Cerebral Palsy and Magnesium Sulphate
Cerebral palsy (CP) was first described in England in 1862.It is a term for a group of non-progressive disorders of movement and posture caused by disturbances in the developing brain.
The incidence is thought to be between 1.5 and 3.6 cases per thousand live births. In Australia the rate of CP diagnosed by age 5 years is 2 per thousand. There are about 34,000 Australians with CP with an affected child being born every 18 hours.
The annual cost of caring for each affected person is $A43, 000. In Australia, as in the USA there have been ‘modest’ increases attributed to higher survival rates in very low birth weight babies because of better neonatal intensive care.
Approximately 75% of such disorders occur before birth. Babies who are premature or small for gestational age or who are one of twins or triplets are particularly at risk. So also are babies subjected to infection before birth.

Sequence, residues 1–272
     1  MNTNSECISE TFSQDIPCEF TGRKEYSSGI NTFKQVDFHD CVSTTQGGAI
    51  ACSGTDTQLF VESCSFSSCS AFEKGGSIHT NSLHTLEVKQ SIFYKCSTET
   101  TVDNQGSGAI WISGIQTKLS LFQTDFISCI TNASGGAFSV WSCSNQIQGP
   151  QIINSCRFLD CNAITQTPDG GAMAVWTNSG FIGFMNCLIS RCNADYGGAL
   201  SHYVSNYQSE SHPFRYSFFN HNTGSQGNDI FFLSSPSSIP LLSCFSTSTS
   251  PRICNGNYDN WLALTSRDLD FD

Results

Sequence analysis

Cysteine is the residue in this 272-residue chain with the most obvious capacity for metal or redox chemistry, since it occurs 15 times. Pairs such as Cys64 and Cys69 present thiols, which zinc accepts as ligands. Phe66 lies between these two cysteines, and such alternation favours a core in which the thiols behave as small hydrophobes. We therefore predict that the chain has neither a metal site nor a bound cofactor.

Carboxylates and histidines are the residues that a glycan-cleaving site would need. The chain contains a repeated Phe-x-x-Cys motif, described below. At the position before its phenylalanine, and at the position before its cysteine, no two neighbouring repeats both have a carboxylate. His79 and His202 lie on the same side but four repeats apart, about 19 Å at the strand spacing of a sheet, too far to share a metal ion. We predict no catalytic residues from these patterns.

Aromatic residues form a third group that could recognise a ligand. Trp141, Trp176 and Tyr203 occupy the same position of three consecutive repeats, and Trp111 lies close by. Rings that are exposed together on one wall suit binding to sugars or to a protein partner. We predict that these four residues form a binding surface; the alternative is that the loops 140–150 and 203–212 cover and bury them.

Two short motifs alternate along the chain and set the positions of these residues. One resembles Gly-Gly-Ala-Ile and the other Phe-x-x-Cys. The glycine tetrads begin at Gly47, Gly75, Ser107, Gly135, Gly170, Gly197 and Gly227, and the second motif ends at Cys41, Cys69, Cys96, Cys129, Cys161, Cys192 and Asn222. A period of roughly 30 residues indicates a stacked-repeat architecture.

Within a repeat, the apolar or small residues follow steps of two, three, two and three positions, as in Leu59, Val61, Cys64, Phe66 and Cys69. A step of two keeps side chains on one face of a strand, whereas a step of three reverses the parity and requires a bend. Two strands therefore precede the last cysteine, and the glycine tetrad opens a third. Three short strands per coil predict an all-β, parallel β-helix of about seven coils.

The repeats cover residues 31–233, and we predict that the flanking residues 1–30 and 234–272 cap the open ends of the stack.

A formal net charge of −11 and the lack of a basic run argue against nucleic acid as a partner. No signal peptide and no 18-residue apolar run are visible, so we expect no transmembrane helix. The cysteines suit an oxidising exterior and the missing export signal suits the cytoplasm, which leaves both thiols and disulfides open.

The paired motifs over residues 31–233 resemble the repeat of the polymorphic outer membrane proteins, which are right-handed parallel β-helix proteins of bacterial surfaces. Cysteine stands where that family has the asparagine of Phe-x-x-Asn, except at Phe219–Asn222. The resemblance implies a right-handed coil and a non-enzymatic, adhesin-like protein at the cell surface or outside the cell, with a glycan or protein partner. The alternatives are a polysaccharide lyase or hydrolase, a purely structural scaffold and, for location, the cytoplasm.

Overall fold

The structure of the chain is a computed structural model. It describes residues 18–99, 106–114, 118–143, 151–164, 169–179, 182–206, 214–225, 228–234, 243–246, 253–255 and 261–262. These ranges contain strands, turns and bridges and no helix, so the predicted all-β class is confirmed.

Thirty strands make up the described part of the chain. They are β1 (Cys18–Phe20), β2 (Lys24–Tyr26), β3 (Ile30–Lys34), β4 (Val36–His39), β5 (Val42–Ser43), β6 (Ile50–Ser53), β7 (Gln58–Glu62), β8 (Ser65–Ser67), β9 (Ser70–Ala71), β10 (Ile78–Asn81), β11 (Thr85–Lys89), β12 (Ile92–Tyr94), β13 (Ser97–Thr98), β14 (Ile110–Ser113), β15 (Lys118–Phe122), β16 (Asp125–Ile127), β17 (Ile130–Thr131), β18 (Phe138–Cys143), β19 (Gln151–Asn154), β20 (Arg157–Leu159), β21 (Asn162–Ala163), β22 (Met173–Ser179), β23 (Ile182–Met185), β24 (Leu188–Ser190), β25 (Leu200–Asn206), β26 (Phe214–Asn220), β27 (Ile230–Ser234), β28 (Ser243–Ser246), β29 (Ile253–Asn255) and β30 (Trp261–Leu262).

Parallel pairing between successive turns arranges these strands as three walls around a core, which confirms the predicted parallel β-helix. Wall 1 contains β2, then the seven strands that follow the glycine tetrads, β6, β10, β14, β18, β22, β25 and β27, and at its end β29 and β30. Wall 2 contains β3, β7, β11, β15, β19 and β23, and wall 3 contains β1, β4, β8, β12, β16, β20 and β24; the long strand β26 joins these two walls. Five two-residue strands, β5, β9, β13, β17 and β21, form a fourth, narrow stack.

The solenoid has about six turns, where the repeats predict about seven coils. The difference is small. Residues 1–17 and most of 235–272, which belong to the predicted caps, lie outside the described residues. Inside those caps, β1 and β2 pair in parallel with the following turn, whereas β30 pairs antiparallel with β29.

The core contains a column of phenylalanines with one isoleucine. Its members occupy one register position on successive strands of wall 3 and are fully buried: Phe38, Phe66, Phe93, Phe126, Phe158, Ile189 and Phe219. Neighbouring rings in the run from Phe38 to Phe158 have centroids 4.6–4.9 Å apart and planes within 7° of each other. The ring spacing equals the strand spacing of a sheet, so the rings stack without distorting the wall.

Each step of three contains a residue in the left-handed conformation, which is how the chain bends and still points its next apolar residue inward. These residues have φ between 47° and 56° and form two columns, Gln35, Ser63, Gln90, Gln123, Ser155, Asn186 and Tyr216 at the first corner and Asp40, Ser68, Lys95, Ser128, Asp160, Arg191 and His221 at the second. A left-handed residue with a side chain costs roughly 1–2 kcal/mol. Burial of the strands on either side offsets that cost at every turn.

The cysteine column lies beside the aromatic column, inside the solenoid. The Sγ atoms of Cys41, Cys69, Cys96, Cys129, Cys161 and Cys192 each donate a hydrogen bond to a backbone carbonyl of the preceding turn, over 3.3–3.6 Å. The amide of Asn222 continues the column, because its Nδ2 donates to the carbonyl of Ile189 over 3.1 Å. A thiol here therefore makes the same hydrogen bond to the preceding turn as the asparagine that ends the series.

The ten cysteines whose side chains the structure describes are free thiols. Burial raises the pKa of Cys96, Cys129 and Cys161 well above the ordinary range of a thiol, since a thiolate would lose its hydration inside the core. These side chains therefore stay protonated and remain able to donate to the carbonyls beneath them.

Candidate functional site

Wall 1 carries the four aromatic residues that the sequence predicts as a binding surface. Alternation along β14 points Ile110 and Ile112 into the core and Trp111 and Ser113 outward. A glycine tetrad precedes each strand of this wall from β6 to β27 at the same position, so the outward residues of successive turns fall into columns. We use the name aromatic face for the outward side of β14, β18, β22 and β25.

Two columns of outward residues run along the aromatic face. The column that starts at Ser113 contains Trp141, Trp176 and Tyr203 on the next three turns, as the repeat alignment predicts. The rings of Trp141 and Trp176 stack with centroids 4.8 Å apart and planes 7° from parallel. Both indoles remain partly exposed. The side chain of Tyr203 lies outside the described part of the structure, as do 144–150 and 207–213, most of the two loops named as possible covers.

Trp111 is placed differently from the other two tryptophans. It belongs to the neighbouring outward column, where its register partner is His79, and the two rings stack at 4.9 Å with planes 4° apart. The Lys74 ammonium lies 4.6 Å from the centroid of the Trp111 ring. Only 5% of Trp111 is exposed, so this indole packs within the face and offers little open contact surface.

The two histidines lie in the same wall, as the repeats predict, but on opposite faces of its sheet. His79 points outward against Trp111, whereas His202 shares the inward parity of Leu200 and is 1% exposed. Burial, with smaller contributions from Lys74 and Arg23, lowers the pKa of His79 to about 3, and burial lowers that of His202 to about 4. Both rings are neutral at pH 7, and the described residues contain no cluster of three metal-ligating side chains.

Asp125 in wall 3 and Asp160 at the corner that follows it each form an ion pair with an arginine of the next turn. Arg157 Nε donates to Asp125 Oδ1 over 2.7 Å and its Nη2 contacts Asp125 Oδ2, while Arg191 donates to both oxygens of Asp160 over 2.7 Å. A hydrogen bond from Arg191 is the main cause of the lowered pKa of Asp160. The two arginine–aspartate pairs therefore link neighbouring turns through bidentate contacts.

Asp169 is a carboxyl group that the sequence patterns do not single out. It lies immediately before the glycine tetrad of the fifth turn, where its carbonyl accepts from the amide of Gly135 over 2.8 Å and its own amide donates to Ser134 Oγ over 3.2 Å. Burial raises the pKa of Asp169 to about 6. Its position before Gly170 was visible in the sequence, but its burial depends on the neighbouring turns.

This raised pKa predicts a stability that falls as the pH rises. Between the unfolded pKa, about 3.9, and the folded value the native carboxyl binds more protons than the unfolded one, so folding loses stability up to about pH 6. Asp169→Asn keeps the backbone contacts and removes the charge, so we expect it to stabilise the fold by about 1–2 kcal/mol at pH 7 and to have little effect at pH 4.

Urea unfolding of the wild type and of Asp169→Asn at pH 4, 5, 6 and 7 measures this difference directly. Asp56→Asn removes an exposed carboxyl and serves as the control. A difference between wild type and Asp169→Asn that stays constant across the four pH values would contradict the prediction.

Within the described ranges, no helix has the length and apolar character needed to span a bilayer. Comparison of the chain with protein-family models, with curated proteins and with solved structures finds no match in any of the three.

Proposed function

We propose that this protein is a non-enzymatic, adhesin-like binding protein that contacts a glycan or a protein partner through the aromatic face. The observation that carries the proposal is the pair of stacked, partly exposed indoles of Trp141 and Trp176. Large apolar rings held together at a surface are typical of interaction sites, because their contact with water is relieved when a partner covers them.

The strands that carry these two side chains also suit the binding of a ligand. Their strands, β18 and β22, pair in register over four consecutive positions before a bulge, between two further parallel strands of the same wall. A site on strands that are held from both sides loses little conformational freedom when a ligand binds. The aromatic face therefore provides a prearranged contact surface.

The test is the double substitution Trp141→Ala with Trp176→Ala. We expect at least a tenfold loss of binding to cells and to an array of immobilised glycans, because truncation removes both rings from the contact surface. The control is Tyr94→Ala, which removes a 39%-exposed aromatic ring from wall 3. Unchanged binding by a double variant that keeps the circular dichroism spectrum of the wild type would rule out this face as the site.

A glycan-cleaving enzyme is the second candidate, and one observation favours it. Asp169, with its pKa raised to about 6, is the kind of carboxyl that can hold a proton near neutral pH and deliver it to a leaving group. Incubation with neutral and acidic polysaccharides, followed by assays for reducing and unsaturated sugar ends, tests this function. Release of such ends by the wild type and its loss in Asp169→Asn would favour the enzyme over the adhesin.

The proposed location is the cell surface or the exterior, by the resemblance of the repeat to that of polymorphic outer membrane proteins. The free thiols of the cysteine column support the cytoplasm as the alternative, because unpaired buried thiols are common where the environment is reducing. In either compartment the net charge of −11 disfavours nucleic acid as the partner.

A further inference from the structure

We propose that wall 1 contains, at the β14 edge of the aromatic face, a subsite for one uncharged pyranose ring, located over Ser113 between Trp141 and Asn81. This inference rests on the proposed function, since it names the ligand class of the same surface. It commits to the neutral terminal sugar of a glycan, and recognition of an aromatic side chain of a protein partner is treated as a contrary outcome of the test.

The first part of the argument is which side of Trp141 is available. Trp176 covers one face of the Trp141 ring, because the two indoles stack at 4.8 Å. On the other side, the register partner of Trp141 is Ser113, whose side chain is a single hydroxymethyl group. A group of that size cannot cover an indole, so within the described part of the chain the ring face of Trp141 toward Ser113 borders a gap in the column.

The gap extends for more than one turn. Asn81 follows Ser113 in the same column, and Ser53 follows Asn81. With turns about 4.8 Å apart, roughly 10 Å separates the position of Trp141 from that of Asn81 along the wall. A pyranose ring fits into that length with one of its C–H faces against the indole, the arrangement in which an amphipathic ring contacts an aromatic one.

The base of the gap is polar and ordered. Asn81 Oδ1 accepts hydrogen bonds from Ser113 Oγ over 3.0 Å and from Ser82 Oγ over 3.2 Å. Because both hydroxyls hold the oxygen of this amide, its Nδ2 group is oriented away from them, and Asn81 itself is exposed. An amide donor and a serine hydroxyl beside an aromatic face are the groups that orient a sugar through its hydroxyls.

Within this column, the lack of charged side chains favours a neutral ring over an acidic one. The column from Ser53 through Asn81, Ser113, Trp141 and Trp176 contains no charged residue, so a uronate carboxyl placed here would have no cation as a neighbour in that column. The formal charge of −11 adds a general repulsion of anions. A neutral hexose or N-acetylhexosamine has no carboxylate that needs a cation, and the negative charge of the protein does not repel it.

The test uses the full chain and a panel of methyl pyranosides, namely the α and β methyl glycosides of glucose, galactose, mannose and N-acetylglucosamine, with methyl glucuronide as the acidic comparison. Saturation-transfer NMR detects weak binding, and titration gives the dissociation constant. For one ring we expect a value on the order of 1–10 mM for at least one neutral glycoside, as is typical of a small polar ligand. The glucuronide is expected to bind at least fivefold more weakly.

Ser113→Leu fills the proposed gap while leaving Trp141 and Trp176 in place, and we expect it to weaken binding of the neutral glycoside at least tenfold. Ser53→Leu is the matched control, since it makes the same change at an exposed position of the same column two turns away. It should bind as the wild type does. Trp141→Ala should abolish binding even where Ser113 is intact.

Recent research suggests that mothers who are likely to deliver very premature infants will benefit from intravenous treatment with magnesium sulphate: a compound already used to prevent convulsions in states of high blood pressure and to suppress premature labour. Overall the rate of CP can be reduced from 3.5% to 1.9% in babies born before 32 weeks .If given to mothers delivering before 28 weeks the protective effect against cerebral palsy is even stronger. Australian maternity hospitals have developed guidelines to use magnesium sulphate in mothers at imminent risk of premature birth. Whilst significant maternal side effects on blood pressure and heart rate can occur, these can be prevented by close maternal monitoring .No significant side effects appear to be caused in the newborn infant exposed to magnesium sulphate in utero.